When it comes to automobile purchases, buying used is often a prudent decision. It’s a reduced upfront cost when compared to buying a new car, for starters, but beyond that, you’ll often end up paying less over time thanks to that smaller loan.
There are some potential pitfalls you’ll need to watch out for, though, especially if you’re going to be buying online. To ensure you don’t fall prey to a less-than-ideal online car shopping experience, read up on these red flags and warning signs you should always watch out for when checking out cars online.
The Price Is Extremely Low
While it’s true that you’re looking to save some money by buying used, experts like Jeremy Rosenthal, a car accident lawyer in Aurora, CO, say that a ridiculously low price is often a sign of a poor quality vehicle.
A car in disrepair, obviously, would be a hazard for you to attempt to drive, and in the worst case scenario might spark a need for life insurance. Even if a vehicle isn’t an outright hazard, though, a very low price could still be indicative of the need of costly repairs, which would defeat the purpose of you trying to save money.
If the used vehicle you’re eyeing has manufacturer recalls that haven’t been taken care of, there’s a good chance it’s hiding a defect that might make it hazardous to drive. You should make sure you check any car you’re interested in for potential recall notices that the owner has neglected, and make it a point to find out why.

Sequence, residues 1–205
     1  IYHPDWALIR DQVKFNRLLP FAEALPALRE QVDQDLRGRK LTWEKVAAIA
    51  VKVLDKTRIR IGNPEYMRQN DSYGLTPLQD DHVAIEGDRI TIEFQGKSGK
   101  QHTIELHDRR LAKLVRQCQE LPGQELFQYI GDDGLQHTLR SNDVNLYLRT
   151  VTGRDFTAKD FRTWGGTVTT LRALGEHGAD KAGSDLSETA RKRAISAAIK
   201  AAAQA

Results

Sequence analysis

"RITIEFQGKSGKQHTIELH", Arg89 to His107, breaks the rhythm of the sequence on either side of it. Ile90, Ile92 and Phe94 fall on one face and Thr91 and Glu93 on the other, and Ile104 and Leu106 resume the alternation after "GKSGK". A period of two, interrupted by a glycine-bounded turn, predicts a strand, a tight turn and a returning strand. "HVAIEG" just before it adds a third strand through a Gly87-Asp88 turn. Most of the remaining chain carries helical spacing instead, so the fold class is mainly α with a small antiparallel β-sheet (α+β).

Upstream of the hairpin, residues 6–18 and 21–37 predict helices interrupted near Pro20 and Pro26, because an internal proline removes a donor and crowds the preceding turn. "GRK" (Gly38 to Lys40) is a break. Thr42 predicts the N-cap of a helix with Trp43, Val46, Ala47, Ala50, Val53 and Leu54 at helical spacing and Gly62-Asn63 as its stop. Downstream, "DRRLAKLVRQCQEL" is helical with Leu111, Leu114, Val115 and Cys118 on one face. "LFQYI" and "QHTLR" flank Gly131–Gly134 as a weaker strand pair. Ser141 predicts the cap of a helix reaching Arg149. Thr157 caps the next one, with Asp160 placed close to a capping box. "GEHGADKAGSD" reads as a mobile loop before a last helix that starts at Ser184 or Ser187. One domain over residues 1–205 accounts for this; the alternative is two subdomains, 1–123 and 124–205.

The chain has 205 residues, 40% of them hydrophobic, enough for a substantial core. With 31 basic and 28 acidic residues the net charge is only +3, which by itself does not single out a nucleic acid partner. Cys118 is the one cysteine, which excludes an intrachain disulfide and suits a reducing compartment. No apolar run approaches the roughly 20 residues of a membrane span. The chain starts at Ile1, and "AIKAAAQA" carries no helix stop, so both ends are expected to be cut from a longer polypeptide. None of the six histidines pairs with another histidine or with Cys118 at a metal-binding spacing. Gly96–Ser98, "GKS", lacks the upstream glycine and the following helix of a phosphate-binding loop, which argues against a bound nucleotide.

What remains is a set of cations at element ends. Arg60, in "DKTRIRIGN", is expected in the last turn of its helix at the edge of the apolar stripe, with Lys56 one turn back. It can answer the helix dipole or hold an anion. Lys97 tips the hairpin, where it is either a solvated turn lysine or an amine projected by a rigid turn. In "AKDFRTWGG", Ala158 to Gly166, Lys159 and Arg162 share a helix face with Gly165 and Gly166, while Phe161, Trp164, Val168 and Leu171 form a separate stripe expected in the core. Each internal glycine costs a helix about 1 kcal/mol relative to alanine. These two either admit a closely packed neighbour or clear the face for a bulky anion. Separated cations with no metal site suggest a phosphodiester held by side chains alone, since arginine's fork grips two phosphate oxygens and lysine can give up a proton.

There’s No Paper Trail
A vehicle should have a proper, documented history, and the seller should be able to provide the vehicle’s title to prove they have the legal right to sell it. These might be lacking when you’re buying online, and if they are, it’s a definite red flag.
The Seller Is Being Obstinate
Most reputable used vehicle sellers will work with you on trying to make a deal and have the ability to compromise on various aspects of the car buying process. If you run into a control-freak seller, though, that’s a clear sign that something is amiss and you might want to take your business elsewhere.
Case in point would be if the seller is attempting to get out of letting you inspect the vehicle before you make a purchase. An inspection is supposed to be a routine part of any vehicle transaction, so if the seller won’t budge on this standard procedure that’s all the confirmation you need to bail on the deal.